Since writing an editorial column on the high cost of living last week, we’ve learned that food prices are rising on a variety of items, including baby food, meat products and soft drinks.
The problem is that costs are rising in the U.S. for a variety of reasons. One of the key reasons right now is the push to produce ethanol as an alternative to oil, which has doubled the price of corn over the past year. The high price of corn is driving up the costs of products with corn in them, and of products of animals that eat corn.
Although the government can do some things that will alleviate the rising prices to a certain degree, it cannot be expected to eliminate high costs.
The private sector must also do its part to help lower consumer prices in the Cayman Islands.
Producing more of our own food items is one thing we can do, but there are many processed foods and manufactured goods that Cayman simply must buy from overseas. And it is in the purchasing of these goods that Cayman businesspeople would be wise to seek alternative sources than the U.S., and Panama presents such an alternative.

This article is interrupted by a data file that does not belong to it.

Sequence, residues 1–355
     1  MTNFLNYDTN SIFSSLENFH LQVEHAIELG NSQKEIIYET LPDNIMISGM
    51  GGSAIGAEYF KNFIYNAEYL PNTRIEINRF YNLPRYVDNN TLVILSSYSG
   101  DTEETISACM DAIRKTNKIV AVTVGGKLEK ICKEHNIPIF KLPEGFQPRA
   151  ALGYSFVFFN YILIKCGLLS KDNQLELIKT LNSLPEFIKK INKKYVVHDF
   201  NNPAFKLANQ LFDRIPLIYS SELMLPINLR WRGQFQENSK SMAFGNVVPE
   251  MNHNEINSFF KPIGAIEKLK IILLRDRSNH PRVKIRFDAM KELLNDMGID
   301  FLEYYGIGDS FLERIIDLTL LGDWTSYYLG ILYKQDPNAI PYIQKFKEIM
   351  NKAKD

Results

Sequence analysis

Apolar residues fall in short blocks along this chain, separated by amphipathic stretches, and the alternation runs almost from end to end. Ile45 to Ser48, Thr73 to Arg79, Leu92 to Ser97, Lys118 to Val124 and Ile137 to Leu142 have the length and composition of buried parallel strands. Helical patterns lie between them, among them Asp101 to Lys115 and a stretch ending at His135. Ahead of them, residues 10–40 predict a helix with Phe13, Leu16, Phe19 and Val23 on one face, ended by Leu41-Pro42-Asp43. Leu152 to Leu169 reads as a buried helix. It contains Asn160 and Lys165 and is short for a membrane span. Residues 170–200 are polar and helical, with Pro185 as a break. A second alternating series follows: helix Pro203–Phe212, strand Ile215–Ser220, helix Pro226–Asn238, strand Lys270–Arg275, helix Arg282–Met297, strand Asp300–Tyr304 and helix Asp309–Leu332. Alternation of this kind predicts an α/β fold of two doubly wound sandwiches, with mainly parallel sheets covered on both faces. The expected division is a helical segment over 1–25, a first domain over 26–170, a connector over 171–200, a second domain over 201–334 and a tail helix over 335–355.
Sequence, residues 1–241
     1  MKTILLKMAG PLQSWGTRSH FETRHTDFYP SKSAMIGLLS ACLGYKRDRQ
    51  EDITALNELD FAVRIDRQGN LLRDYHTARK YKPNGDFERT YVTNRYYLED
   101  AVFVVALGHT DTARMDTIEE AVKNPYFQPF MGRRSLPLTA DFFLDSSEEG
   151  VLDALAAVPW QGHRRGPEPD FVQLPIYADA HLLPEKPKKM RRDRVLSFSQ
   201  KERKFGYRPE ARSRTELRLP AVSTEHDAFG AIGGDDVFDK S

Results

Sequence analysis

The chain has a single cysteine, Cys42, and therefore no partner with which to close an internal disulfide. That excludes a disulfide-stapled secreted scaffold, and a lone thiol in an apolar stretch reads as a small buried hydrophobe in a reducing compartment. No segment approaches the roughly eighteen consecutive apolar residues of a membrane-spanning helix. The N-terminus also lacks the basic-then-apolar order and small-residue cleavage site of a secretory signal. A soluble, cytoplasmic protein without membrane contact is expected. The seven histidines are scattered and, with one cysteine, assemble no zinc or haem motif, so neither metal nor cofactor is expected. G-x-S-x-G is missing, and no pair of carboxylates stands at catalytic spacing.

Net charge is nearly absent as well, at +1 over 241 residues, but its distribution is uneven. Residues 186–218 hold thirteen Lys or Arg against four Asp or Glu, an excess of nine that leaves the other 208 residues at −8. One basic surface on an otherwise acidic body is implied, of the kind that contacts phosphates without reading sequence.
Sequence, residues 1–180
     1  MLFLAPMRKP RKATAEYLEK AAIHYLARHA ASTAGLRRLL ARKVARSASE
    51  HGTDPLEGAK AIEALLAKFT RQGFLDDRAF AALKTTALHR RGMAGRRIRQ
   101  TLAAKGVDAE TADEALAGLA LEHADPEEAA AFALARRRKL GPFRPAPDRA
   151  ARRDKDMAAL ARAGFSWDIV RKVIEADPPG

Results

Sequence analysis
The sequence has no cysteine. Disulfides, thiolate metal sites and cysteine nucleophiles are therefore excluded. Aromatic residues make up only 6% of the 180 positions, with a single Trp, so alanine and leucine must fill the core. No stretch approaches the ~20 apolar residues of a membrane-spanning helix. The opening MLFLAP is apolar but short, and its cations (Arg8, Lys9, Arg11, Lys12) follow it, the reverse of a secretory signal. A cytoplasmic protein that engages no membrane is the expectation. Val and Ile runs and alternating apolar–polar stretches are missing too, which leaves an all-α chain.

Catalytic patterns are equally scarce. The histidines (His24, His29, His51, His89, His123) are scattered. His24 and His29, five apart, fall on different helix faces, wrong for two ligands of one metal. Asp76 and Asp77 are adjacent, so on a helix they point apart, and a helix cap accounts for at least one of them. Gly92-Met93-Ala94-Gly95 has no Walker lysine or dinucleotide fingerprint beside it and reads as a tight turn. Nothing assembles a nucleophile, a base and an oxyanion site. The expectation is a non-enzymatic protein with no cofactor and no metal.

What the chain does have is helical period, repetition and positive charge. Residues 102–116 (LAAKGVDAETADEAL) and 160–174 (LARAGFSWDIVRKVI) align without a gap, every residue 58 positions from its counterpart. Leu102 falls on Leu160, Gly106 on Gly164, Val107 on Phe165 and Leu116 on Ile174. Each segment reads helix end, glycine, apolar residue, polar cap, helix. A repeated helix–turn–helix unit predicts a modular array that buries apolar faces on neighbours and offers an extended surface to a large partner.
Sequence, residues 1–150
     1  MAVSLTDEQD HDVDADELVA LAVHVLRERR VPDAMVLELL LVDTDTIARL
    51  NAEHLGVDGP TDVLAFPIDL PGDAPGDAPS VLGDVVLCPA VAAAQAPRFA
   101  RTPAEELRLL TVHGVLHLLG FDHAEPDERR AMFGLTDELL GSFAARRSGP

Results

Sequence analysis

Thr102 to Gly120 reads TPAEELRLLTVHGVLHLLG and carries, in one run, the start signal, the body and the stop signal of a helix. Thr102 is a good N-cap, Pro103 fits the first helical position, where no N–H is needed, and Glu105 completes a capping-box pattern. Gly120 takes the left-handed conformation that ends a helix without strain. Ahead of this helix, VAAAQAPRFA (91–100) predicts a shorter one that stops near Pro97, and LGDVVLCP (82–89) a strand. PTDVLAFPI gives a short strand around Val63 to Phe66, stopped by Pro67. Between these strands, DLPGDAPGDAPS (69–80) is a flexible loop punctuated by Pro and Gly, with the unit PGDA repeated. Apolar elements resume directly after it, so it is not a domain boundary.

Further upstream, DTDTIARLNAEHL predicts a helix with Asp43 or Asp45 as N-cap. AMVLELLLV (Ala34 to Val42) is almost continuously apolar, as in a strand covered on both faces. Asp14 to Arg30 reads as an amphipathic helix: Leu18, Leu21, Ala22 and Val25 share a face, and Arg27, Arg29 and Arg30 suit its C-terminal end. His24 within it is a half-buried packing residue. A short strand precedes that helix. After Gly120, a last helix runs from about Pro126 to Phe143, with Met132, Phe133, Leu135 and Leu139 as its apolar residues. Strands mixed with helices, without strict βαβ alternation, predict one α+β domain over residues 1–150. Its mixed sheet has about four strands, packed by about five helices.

Because of its famous canal and location in relation to Asia, Panama has a high percentage of the world’s manufactured goods flowing through it these days. If these goods have to first go through businesses in the United States before coming to Cayman, of course they are going to cost more.
By finding sources of goods directly in Panama, local businesses can find lower priced goods and in turn offer those goods at lower prices to the consumer.
Most of the manufactured goods sold in the United States come from Asia. Just like in the U.S., there are good quality and poor quality goods available in Panama, and the Cayman businessperson could save money on buying either.
The opportunity to find an alternative supplier of goods other than the U.S. is one of the main reasons the Chamber of Commerce organised a trade mission to Panama last year. That mission showed enough promise that there will be another one this year from 6-10 March.
Several of the businesses represented last year have begun trading with Panamanian businesses and are reaping significant savings for doing so. If more businesses can do the same here, then consumer prices can be noticeably affected.
There is still some room on the charter going to Panama next month. We encourage businesses that buy goods from the U.S. to consider exploring Panama as an alternative source for their wares.